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Members Facing Compulsory Redemption of Shares Have 'Residual Rights' - International Law Office

International Law Office

Company & Commercial - British Virgin Islands

Members Facing Compulsory Redemption of Shares Have 'Residual Rights'

July 14 2008


A recent case has established the effect of a redemption notice served by a company on one of its members under the British Virgin Islands (BVI) Business Companies Act. The case is of general interest in the context of the compulsory redemption of shares in BVI companies.

The case concerned Section 176 of the act, which provides that the members of a company holding 90% of the voting shares may give a written instruction to the company directing it to redeem the shares held by the remaining members. Upon receipt of that instruction the company must redeem the shares of the remaining members, giving notice to each member whose shares are to be redeemed and stating a redemption price. Section 179(1)(d) provides that a member is entitled to payment of the fair value for its shares if it disagrees with the redemption price. The act sets out a mechanism for an appraisal if the member and the company fail to agree on a fair value.

In this case there was a prolonged argument between a member and the company (which acted as the manager and investment adviser to an investment fund) about the value of the member's shares and the applicable mechanism under the act - the company eventually argued that the member had lost its right to the appraisal process.

In granting the member's claim for summary judgment, the court held that redemption of the shares was not complete until the shares had been acquired by agreement or following an appraisal of their fair value under the act. The court went on to say that the issuance of a notice to a member commences the process towards redemption rather than completing it. Therefore a member retains 'residual rights' until the redemption process set out in the act is complete. These include the right to apply to court to ensure that the company complies with its obligations under the act.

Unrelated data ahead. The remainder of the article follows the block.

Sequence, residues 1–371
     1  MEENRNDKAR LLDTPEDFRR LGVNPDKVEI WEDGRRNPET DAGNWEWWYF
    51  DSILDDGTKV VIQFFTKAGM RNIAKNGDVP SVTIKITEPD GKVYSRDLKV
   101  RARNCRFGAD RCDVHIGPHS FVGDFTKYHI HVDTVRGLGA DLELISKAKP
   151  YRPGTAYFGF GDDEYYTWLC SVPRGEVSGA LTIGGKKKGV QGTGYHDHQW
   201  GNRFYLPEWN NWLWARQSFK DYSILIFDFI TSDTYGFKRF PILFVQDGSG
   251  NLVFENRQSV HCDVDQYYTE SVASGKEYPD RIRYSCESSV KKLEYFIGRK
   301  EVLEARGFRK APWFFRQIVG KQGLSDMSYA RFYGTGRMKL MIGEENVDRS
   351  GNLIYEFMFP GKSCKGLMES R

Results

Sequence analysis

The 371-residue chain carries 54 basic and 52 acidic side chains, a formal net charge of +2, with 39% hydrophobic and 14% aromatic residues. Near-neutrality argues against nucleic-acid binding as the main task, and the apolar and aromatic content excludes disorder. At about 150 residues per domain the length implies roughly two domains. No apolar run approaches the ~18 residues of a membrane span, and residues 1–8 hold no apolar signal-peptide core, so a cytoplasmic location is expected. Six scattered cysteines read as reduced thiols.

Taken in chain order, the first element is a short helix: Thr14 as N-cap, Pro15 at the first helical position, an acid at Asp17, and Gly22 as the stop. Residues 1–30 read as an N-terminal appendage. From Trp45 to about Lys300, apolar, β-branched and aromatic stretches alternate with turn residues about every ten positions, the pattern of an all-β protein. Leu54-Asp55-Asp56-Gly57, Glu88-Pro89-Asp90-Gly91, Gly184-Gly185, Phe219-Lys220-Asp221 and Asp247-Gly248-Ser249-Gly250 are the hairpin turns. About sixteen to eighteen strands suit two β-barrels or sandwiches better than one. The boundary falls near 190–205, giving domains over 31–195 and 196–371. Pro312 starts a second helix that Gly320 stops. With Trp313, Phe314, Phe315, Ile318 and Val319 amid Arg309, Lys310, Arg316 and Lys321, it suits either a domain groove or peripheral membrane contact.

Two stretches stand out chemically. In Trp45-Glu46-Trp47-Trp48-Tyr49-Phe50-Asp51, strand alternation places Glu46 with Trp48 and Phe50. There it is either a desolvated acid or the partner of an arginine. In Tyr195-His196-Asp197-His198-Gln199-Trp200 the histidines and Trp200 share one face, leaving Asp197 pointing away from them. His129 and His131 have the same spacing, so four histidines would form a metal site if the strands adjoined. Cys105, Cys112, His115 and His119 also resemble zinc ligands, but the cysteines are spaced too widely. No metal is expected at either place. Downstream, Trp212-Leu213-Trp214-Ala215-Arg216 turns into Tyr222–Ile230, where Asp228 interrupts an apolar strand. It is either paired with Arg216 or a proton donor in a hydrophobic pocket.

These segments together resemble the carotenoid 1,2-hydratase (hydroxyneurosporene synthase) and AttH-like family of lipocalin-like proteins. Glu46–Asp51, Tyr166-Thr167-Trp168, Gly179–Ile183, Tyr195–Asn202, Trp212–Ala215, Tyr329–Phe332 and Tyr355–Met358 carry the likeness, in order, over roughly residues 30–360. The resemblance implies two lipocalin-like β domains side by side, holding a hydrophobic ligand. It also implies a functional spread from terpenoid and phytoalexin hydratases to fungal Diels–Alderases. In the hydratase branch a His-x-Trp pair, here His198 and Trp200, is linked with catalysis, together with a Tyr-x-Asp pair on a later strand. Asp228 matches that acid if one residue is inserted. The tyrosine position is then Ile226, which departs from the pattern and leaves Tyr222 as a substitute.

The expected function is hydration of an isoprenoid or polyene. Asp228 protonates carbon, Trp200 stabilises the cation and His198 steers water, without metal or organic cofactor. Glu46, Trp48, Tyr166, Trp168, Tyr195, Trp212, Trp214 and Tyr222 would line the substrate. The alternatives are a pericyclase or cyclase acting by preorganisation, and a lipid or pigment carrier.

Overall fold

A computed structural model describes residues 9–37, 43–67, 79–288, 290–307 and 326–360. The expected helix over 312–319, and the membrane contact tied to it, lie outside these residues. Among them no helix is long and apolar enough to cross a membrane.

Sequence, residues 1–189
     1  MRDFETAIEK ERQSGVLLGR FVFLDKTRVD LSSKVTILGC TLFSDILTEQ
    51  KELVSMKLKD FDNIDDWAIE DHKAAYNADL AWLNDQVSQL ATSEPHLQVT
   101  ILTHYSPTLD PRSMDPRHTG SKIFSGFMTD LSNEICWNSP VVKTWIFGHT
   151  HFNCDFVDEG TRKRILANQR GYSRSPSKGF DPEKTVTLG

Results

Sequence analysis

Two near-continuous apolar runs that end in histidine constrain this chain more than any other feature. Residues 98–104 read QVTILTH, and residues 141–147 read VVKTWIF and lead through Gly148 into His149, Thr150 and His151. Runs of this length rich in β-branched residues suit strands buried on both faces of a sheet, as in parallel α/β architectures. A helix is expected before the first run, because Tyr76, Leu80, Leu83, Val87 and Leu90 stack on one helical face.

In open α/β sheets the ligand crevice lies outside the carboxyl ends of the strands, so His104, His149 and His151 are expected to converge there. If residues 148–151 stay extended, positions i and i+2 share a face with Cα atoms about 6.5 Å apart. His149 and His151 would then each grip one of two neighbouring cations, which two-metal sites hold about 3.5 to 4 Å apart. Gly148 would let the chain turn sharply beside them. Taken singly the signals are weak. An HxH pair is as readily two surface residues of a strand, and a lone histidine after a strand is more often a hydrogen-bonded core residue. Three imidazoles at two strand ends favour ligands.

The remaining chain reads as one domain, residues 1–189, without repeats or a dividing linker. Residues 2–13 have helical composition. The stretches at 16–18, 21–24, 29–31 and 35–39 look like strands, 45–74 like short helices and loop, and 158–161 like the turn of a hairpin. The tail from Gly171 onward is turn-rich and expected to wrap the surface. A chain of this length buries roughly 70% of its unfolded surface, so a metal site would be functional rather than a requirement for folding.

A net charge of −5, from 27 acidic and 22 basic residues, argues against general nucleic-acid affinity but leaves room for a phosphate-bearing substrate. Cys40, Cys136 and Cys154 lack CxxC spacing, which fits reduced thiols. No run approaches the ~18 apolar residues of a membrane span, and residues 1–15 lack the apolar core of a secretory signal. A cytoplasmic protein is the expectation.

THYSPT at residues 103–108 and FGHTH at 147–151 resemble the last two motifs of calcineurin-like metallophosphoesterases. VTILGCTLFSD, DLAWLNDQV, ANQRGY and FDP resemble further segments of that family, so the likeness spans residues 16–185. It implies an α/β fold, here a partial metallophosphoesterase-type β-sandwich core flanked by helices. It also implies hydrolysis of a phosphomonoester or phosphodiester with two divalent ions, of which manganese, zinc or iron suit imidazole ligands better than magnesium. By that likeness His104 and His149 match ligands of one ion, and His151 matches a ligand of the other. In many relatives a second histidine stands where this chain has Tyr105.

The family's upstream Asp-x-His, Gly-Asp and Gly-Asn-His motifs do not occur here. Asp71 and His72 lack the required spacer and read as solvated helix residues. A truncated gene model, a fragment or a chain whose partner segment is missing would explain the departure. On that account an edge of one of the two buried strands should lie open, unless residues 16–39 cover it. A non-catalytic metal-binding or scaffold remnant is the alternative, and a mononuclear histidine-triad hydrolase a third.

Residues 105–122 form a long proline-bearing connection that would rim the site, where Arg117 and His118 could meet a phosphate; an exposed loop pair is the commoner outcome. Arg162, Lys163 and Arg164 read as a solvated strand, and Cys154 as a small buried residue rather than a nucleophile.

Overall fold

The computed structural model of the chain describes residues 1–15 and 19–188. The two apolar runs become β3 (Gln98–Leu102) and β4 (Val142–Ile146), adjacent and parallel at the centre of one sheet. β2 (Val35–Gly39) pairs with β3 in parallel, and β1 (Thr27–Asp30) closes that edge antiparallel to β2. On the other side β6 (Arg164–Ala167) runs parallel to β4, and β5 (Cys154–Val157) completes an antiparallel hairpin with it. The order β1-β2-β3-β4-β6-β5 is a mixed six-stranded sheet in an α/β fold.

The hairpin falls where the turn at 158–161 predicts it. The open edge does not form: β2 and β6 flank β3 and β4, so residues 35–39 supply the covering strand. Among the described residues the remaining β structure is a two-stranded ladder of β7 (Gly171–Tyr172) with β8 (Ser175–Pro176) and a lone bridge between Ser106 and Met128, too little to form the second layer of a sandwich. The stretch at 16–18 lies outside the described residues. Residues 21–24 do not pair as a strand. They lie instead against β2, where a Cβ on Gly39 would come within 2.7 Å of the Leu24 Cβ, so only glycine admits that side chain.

The company's argument that the member had lost its ability to benefit from the appraisal system and would therefore be limited to the value that the company put forward was rejected. The court stated that where time limits had expired, for example due to failed negotiations, the court would use its inherent jurisdiction to ensure that the matter is dealt with fairly.

The case shows that the courts are likely to take a purposive approach to the new shareholder protections brought in by the act.

For further information on this topic please contact Phillip Kite at Harneys by telephone (+1 284 494 2233) or by fax (+1 284 494 3547) or by email (phillip.kite@harneys.com).


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